When Liz Drake's best friend vanishes, nothing can stop her nightmares. Driven by the certainty he needs her help, she crosses a continent to search for him. She finds Blake comatose in a Vancouver hospital, victim of a mysterious accident that claimed his lover's life – in her dreams he drowns. Blake's new circle of artists and mystics draws her in, but all of them are lying or keeping dangerous secrets. Soon nightmare creatures stalk the waking city, and Liz can't fight a dream from the daylight world: to rescue Blake she must brave the darkest depths of the Dreamlands. Even the attempt could kill her, or leave her mind trapped or broken. And if she succeeds, she must face the monstrous Yellow King, whose slave Blake is on the verge of becoming forever.
Arthur Machen (1863-1947) was a Welsh author and mystic of the 1890s and early 20th century. He is best known for his influential supernatural, fantasy, and horror fiction. His book The Great God Pan has garnered a reputation as a classic of horror (Stephen King has called it "Maybe the best horror story in the English language")
Still So Strange is Amanda Downum's first collection of short fiction and poetry. These stories are full of devil's bargains, love songs to monsters, and the people -- human and otherwise -- who inhabit liminal spaces. The collection includes stories originally released in Strange Horizons, Realms of Fantasy, and Weird Tales, as well as previously unpublished work.
New Dreams for Old is a collection of science fiction and fantasy stories by Mike Resnick, showing the depth and range that has not only made him a popular seller, but also placed him fourth (and climbing) on the all-time award list of all science fiction writers living and dead (as compiled by Locus). This book contains award winners and nominees. It contains two stories that are currently in development by Hollywood. It contains stories that have won readers polls, that have won foreign prizes, and a few that are just out-and-out hilarious. Most of these stories constitute recent work. One of them — "Travels With My Cats" — was a 2005 Hugo Award-winner and a Nebula nominee, while another — "A Princess of Earth" — was also a 2005 Hugo nominee. The story "Robots Don't Cry" was a 2004 Hugo nominee the previous year. Also included are the Hugo and Nebula nominee "For I Have Touched the Sky," Hugo nominee "Mwalimu in the Squared Circle," and Hugo winner "The 43 Antarean Dynasties." This collection also includes two novellas that have never seen print outside of the members-only Science Fiction Book Club. Are there really elephants on Neptune? What does Old MacDonald of nursery-rhyme fame actually grow on his farm? Is there much difference between pruning elderly flowers and elderly people? A trio of award nominees, "The Elephants on Neptune," "Old MacDonald Had a Farm," and "Hothouse Flowers," provide the answers. This is a collection of enormous range and the highest quality. More to the point, every story will not only make the reader think, but feel. The collection is introduced by Nancy Kress, herself a multiple Hugo and Nebula winner, and a monthly columnist for Writer's Digest.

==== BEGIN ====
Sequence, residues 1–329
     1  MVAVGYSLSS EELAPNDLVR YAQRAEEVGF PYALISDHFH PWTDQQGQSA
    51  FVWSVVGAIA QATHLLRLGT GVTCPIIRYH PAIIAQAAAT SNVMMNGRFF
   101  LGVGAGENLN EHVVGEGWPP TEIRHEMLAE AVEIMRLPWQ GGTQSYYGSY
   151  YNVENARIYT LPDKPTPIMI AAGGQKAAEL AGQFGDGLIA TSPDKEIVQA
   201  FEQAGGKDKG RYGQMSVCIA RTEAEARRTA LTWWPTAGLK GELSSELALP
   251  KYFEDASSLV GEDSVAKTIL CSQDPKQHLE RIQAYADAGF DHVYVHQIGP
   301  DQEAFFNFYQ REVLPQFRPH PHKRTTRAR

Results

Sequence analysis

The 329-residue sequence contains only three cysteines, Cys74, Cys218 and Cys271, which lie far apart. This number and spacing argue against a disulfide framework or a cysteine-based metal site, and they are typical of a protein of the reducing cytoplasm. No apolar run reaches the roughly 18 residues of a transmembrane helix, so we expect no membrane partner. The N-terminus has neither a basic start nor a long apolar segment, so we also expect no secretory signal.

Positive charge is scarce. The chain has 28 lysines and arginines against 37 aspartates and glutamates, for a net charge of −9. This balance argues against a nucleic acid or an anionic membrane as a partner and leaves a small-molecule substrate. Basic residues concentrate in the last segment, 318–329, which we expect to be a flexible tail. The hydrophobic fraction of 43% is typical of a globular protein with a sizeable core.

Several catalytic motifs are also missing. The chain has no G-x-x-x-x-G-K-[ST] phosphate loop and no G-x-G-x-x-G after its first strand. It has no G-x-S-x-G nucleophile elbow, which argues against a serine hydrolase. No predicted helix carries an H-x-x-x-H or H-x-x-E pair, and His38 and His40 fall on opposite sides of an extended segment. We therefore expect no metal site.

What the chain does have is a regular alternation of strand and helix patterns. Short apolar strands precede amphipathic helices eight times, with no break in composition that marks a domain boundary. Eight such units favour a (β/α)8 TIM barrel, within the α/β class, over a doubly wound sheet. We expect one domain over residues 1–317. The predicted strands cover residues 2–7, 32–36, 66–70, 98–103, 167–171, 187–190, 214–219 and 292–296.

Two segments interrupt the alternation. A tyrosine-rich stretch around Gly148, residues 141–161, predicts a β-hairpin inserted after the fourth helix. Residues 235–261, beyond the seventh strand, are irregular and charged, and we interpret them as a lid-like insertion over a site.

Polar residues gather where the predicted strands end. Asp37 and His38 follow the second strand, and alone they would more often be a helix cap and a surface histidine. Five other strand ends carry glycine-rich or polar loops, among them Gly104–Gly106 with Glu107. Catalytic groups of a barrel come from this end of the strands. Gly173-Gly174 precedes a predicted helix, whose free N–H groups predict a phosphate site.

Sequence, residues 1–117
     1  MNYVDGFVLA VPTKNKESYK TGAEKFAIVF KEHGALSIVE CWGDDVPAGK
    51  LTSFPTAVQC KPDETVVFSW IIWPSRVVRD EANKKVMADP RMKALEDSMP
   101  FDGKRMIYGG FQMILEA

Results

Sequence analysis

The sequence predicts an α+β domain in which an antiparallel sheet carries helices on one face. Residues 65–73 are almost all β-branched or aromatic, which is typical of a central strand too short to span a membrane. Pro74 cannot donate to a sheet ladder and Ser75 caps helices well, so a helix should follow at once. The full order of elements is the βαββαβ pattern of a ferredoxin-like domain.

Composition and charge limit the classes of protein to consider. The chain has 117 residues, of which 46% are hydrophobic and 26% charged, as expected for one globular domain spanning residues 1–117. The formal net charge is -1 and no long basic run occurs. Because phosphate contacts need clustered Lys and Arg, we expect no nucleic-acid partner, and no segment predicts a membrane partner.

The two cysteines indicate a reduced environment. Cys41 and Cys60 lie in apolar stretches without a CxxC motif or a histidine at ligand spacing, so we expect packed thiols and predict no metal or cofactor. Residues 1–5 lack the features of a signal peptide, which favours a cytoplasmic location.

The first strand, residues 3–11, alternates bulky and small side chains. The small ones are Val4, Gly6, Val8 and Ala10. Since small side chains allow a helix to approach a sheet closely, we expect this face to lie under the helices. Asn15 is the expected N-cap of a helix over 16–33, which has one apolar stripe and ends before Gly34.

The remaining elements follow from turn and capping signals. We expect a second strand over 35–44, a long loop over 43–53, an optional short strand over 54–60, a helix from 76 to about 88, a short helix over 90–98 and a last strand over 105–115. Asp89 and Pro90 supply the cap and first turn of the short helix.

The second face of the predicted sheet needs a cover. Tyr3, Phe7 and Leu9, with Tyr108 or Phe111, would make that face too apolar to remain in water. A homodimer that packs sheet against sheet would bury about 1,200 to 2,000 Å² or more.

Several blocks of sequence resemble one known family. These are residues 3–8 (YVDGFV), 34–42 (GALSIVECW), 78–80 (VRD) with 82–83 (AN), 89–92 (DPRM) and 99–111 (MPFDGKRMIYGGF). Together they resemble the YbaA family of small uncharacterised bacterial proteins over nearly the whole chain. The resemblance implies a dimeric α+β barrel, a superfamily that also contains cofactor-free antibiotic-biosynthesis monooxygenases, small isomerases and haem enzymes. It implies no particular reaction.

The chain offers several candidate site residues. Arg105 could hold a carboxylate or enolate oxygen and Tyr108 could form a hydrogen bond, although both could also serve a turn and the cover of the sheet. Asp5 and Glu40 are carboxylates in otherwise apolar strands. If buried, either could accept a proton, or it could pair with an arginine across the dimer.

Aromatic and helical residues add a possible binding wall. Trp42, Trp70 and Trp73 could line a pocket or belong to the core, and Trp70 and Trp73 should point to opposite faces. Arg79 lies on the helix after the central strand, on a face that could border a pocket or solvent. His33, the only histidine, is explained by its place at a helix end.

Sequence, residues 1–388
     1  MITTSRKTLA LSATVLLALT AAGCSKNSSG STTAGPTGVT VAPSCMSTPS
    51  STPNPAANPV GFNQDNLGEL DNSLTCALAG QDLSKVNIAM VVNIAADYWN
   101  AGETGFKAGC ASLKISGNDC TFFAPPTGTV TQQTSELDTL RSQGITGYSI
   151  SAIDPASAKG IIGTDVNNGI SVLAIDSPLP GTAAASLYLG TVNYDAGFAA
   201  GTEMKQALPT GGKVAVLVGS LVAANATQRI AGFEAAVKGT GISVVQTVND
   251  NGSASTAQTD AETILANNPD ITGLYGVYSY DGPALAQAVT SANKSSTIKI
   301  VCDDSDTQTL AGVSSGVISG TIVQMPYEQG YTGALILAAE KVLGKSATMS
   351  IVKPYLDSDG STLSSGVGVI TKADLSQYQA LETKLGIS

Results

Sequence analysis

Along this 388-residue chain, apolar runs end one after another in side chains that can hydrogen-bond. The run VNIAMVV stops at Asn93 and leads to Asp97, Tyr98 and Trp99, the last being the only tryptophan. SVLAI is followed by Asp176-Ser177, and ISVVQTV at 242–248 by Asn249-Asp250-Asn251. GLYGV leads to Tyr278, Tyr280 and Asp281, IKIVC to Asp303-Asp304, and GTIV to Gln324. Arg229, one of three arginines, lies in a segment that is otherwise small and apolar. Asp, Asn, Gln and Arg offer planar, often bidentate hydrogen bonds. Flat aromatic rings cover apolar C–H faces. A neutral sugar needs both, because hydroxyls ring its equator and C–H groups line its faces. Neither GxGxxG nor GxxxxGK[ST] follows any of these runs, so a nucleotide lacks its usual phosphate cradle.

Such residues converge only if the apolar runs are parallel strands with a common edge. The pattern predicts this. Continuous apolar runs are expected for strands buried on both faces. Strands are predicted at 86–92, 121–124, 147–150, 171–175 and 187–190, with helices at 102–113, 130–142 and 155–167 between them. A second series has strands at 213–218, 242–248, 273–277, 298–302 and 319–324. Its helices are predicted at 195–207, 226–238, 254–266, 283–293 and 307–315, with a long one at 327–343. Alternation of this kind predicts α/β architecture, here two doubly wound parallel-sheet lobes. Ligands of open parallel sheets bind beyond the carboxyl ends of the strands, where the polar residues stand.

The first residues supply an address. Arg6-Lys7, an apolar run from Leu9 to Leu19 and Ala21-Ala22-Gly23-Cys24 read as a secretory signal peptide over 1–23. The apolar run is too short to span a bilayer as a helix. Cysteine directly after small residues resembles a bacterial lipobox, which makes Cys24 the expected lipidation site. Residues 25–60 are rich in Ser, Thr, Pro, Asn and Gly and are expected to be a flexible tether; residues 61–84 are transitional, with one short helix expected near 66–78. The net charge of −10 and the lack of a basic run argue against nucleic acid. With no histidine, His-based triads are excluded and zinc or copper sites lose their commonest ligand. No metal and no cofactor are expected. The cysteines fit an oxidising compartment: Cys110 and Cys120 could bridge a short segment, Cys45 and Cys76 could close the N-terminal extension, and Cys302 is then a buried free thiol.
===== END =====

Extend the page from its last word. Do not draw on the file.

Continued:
This fascinating book breaks new ground by examining the influence of Chaucer's dream visions on American author F. Scott Fitzgerald. In so doing, it raises important questions about periodization, genre, and gender issues. Besides offering much biographical evidence of a Fitzgerald-Chaucer connection, the study uses Jungian theory to present a detailed and persuasive discussion of structural and other features shared by Chaucer's works and several of Fitzgerald's relatively early works: three stories, a play, and "The Great Gatsby." Further, the study demonstrates that each author dealt with a similiar theme: that of artistic creativity and the qualities necessary for the successful artist. It explores, too, each author's use of artist-narrators, including Fitzgerald's use of females in the role of artist figure in two of his stories.
A novel about a wine enthusiast’s descent into addiction, and “the cheerful face that money can put on an unhappy life” (Publishers Weekly). After dedicating countless hours to building his software company—an effort that yields him a fortune—Wilberforce walks into a London restaurant, alone, and orders an extraordinarily expensive 1982 Cháteau Pétrus. It is quite an experience—so he asks for another bottle. From the acclaimed author of Salmon Fishing in the Yemen, this novel traces the journey that leads Wilberforce from the top of the world to hitting rock bottom as he revels in his newfound wealth and more: his taste for the finer things, a love affair, and a variety of friendships, including one with an eccentric and enigmatic wine merchant named Francis Black. At some point along the way, Wilberforce, once an ordinary middle-class child and then a driven, lonely workaholic, convinces himself that he’s finally found the good life. But as his story unspools, he learns that Black’s cellar holds some unpalatable secrets, and that passion comes at a price. “A heart-wrenching tale . . . A mesmerising page-turner.” —The Mail on Sunday “Although Wilberforce’s tale carries universal moral significance, wine lovers in particular will find Torday’s descriptive and narrative powers compelling.” —Booklist
Ever been a victim of a "chugger,” had a "suite dream," or experienced a "tightmare?" Chances are you have, but you didn't have the vocabulary to describe it. From the extraordinary comic mind of Keith Barker-Main, this is a must-have lexicon of expressions for a new era. Each entry in this laugh-out-loud lingo list shoots a wry, dry, and occasionally downright lewd glance at the age we live in. Fully illustrated throughout, this hilarious reference is guaranteed to amuse anyone who pays attention to the increasingly twisted world of bizarre cultural trends and media madness.